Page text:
Grave, Portrait of Wilson in Sag Harbor: Maxine Hicks, NY Times, Play Burn This
10. Crossing into the “newer” portion of the cemetery, still on the first aisle, you’ll find the grave of Lanford Wilson, Playwright (1937-2011), who was born in Missouri and moved to Greenwich Village in 1962.
A Pulitzer Prize winning playwright and co-founder of Circle Repertory Company, Wilson spent half the year at 12 Suffolk Street since 1970 and lived there full time after 1998. Some of his best-known plays are 5th of July, Talley’s Folly, Balm in Gilead, The Hot L Baltimore, and Burn This.
In 2010, he was presented the Artistic Achievement Award from the New York Innovative Theatre Awards "in recognition of his brave and unique works that helped establish the Off-Off-Broadway community and propel the independent theatre voice as an important contributor to the American stage.” He received the Pulitzer Prize for Drama in 1980 and was elected in 2001 to the Theater Hall of Fame. In 2004, Wilson was elected to the American Academy of Arts and Letters and received the PEN/Laura Pels International Foundation for Theater Award as a Master American Dramatist. He was nominated for three Tony Awards and has won a Drama Desk Award and five Obie Awards.
Wilson was also a collector of outsider art, and an avid and impressive gardener. He is buried in Oakland Cemetery not far from his dear friend Florence Fink.
Gravesite, Felker Photo Portrait: thanks to Gail Sheehy
11. Clay Schuette Felker (1925 – 2008) was an American magazine editor. journalist, and founder of New York Magazine in 1968. His career as an editor is surely as storied, no pun intended, as any in American publishing.
Felker was one of the early proponents of New Journalism. He joined The New York Herald Tribune in 1962, and at that time revamped a Sunday section into New York, for which he hired writers like Tom Wolfe and Jimmy Breslin. The section became wildly popular.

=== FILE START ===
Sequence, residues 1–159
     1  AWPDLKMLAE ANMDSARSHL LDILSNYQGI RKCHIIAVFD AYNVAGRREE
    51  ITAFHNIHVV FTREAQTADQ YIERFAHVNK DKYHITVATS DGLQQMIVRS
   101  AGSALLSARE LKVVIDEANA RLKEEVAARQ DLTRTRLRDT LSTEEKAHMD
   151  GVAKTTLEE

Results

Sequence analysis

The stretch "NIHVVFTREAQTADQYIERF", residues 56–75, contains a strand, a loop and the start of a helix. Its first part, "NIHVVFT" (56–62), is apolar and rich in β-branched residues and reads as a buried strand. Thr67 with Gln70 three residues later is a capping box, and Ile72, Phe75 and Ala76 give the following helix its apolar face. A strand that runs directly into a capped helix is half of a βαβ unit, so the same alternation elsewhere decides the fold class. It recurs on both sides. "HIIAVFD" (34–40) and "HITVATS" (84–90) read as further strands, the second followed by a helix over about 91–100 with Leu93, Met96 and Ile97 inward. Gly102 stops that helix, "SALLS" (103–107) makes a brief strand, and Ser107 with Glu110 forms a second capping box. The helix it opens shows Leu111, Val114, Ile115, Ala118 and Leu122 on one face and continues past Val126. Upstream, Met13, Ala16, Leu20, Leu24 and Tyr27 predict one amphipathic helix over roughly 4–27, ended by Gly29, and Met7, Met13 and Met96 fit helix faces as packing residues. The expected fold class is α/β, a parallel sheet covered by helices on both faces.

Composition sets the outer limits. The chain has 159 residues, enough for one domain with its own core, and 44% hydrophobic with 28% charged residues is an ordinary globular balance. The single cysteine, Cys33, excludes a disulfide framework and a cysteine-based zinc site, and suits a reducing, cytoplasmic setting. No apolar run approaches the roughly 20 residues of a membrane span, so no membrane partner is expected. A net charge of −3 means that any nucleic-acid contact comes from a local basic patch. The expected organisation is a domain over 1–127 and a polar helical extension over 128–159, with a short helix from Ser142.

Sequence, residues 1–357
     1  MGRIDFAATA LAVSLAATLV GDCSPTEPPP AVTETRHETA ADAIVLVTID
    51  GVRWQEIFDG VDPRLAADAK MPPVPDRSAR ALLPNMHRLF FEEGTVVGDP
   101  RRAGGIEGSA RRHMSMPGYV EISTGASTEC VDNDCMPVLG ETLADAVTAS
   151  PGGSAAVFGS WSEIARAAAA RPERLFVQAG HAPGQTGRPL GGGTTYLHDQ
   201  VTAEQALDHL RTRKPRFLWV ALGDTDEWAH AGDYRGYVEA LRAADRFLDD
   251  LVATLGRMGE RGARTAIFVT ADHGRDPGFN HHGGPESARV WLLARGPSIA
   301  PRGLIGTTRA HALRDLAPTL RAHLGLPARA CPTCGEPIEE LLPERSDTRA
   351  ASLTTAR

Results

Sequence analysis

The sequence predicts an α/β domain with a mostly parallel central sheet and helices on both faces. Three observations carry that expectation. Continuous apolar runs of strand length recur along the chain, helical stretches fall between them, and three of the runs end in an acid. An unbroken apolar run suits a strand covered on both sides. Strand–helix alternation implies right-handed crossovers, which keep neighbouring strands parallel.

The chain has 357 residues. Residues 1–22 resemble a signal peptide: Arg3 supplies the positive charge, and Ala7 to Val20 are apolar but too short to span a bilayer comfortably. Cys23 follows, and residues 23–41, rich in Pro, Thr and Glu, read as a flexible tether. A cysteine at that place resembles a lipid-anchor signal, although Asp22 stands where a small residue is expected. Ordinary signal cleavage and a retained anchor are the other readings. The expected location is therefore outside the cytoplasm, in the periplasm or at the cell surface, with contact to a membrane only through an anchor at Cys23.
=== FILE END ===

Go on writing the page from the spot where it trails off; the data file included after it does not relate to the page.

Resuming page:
After The New York Herald Tribune closed its doors in 1966, Felker reconstituted his Sunday section as New York Magazine in 1968. One of his first features was Wolfe's coverage of Ken Kesey and his Merry Pranksters, a story Wolfe later expanded into his non-fiction novel The Electric Kool-Aid Acid Test. New York became one of the most imitated magazines of its time, from a design perspective and in the way it combined service and life-style articles.
Felker also notably gave Gloria Steinem what she has called her first "serious assignment," an article about contraception in 1962. The article covered the conflict women face between between career and marriage, and preceded Betty Friedan's The Feminine Mystique, published a year later. She was on Felker's founding New York staff. Felker also funded the first issue of Ms. Magazine.
Felker became editor-in-chief and publisher of The Village Voice in 1974, resigning from New York following its hostile takeover by Rupert Murdoch in 1976. He bought Esquire in 1977 but sold it in 1979.
In 1994, Felker became a lecturer at the Graduate School of Journalism at the University of California, Berkeley, teaching a course called "How to Make a Magazine" at the Felker Magazine Center, named in his honor and of which he became director.